Important legal judgments – Zimbabwe/behaviour on return and Afghanistan/children

Supreme Court says no lies to achieve safety Free Movement blog, 25 July 2012

In the case of RT (Zimbabwe) v Secretary of State for the Home Department [2012] UKSC 38 the Supreme Court has today held that asylum seekers cannot be expected to lie or dissemble in order to achieve safety in their own country. This principle applies equally to a committed political activist and to a person with no politician convictions: neither can be expected to lie.

Lord Dyson observes that one of the hallmarks of totalitarian regimes is their insistence on controlling people’s thoughts as well as their behaviour and he goes on to use Orwell’s 1984 as an example.

Lastly, the Secretary of State’s attempt to draw a distinction between core and peripheral aspects of rights was again comprehensively rejected, as it was earlier in the Court of Appeal:

There is no support in any of the human rights jurisprudence for a distinction between the conscientious non-believer and the indifferent non- believer, any more than there is support for a distinction between the zealous believer and the marginally committed believer. All are equally entitled to human rights protection and to protection against persecution under the Convention. None of them forfeits these rights because he will feel compelled to lie in order to avoid persecution.

The Supreme Court’s judgment was on appeal by the Home Office from the earlier Court of Appeal judgment of the same name at citation [2010] EWCA Civ 1285. The litigation arises from the Country Guidance case of RN (Zimbabwe) [2008] UKAIT 00083, in which the immigration tribunal held that, in the febrile atmosphere before and following the 2008 elections, any Zimbabwean returned from the UK would have a well founded fear of persecution unless he or she could prove loyalty to the ZANU-PF party. That guidance case was subsequently replaced by EM (Zimbabwe) [2011] UKUT 98 (IAC), which was markedly less generous to asylum claimants and rendered the judicial learning in the present case rather redundant. Only a few weeks ago, though, EM (Zimbabwe) was overturned in the Court of Appeal. As previously discussed on the blog (and now confirmed by the Supreme Court at paragraphs 2 and 3 of the RT judgment), that means that we are back to the guidance in RN (Zimbabwe) and the Supreme Court’s judgment is therefore of practical as well as legal significance. Almost no asylum seekers from Zimbabwe will be returnable under this ruling.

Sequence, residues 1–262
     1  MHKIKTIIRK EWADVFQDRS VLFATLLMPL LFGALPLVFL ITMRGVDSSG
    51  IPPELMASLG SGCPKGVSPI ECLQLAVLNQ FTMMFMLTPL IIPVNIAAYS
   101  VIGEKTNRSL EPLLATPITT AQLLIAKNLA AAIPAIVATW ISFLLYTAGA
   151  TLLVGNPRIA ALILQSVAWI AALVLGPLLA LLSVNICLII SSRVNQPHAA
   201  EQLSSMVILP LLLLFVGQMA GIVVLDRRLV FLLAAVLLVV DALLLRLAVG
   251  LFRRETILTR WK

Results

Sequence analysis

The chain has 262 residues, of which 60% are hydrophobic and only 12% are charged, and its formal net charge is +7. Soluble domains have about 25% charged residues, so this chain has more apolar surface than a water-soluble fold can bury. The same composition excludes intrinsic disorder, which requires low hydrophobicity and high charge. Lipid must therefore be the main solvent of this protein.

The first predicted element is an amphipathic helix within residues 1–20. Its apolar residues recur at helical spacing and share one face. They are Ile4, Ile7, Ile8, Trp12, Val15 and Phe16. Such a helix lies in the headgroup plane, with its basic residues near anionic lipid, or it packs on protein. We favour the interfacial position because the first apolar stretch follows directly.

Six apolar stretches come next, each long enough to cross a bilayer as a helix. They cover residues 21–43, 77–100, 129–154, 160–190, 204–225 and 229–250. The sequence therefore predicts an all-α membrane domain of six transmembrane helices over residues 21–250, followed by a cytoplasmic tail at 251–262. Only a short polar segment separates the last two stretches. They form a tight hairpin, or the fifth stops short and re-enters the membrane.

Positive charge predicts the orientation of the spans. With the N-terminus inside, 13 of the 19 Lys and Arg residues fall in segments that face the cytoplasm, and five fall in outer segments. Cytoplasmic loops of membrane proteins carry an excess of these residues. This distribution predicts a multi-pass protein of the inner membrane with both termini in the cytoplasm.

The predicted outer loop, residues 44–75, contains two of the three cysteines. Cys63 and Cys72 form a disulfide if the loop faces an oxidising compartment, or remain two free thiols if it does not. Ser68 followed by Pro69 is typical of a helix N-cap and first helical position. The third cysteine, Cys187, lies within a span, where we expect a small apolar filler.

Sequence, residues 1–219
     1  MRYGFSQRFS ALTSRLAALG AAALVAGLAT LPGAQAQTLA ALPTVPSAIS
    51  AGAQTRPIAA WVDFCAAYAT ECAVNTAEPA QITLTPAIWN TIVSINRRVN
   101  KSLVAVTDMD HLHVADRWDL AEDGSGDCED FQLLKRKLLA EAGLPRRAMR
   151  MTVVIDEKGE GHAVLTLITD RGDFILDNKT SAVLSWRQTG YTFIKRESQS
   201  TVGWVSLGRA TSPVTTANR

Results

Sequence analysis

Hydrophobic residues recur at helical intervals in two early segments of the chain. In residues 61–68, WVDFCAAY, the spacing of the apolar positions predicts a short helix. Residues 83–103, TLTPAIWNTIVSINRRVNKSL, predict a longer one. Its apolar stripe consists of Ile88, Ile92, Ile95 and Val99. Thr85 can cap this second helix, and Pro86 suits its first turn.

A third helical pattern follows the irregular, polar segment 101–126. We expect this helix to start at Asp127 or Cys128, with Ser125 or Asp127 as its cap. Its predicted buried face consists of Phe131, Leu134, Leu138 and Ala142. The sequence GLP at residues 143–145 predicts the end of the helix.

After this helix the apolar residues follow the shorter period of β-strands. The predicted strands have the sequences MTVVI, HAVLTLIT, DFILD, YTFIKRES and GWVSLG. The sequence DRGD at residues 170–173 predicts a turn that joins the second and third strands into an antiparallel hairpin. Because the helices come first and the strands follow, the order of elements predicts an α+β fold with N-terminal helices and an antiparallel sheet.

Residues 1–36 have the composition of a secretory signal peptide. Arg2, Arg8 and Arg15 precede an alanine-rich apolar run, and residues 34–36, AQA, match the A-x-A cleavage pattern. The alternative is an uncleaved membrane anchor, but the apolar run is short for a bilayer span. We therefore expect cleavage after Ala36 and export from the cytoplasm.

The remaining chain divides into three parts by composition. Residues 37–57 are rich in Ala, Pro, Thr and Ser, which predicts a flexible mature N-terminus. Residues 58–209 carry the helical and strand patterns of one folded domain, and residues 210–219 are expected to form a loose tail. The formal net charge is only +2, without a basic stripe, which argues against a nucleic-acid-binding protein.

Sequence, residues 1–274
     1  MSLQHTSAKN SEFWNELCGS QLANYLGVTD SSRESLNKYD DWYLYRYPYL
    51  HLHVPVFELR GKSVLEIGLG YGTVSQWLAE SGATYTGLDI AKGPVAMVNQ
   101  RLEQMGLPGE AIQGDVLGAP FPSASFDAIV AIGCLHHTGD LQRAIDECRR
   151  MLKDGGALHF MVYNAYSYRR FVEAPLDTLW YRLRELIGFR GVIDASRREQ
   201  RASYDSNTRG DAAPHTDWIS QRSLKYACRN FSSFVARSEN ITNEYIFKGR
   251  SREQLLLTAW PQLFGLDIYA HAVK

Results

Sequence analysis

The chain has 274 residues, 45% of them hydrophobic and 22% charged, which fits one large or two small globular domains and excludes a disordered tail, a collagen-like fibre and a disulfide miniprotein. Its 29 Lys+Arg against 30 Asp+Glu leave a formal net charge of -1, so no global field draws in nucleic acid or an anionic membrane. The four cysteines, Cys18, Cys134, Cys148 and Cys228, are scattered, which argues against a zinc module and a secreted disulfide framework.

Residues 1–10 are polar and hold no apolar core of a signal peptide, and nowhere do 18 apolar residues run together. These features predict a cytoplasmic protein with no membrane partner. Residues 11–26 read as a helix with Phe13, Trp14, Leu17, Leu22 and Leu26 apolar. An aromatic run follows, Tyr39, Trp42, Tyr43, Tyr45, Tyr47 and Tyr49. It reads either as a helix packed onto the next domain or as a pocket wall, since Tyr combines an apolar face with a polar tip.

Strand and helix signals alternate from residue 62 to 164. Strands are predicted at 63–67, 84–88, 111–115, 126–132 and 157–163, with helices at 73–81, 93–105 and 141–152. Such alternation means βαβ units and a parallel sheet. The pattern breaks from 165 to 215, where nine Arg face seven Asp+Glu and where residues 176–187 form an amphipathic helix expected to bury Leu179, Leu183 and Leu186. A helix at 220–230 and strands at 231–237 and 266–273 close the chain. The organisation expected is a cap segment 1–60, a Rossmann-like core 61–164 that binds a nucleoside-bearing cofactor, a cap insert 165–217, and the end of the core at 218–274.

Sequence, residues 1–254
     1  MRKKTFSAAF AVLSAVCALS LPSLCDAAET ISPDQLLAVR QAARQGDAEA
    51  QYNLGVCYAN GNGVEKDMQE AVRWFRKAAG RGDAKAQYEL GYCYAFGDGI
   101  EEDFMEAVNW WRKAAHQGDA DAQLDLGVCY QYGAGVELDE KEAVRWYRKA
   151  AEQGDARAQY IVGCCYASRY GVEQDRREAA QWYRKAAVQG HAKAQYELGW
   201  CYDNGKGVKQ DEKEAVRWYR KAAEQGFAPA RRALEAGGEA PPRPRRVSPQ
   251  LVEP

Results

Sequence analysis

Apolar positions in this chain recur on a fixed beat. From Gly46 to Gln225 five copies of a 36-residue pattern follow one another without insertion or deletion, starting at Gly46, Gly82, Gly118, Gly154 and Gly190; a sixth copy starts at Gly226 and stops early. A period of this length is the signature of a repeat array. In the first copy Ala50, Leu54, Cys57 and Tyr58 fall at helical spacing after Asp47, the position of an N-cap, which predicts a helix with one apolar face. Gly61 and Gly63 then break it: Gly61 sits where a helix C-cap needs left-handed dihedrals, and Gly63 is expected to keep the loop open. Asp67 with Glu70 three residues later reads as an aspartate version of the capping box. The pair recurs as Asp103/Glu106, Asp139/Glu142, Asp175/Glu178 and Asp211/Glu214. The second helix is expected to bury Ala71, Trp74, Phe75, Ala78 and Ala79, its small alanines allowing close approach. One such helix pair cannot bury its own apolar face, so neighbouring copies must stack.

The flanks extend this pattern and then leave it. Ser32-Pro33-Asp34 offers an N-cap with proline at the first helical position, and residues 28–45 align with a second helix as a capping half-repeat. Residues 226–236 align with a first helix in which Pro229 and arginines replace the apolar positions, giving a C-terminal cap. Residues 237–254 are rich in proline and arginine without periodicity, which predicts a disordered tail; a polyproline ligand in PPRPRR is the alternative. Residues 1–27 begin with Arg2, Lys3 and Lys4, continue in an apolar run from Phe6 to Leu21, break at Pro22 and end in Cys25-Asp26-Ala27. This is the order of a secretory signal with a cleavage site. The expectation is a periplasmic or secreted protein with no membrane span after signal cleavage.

Go to the blogpost here, and read The Guardian‘s coverage of the story here.

KA (Afghanistan) judgment issued

The long awaited Court of Appeal judgment on the linked cases of KA and others was finally issued on 25 July.  The case was looking at the Home Office’s duty to attempt to trace unaccompanied asylum seeking children’s family, in these cases in Afghanistan.  The Home Office’s suggestion that they had discharged this duty by informing minors of the Red Cross’ family tracing service has been rejected, and it was judged that by failing to carry out such a check the Home Office has potentially deprived the applicant of the best evidence with which to prove their case.

While the full implications of the judgment are not yet clear, Counsel Mr. Becket Bedford of No. 5 Chambers, who appeared with Raza Husain QC for KA and separately for five of the other appellants holds the view that “all failed unaccompanied asylum seeking children asylum and protection claims need reconsideration”.  Updates to follow as we receive them!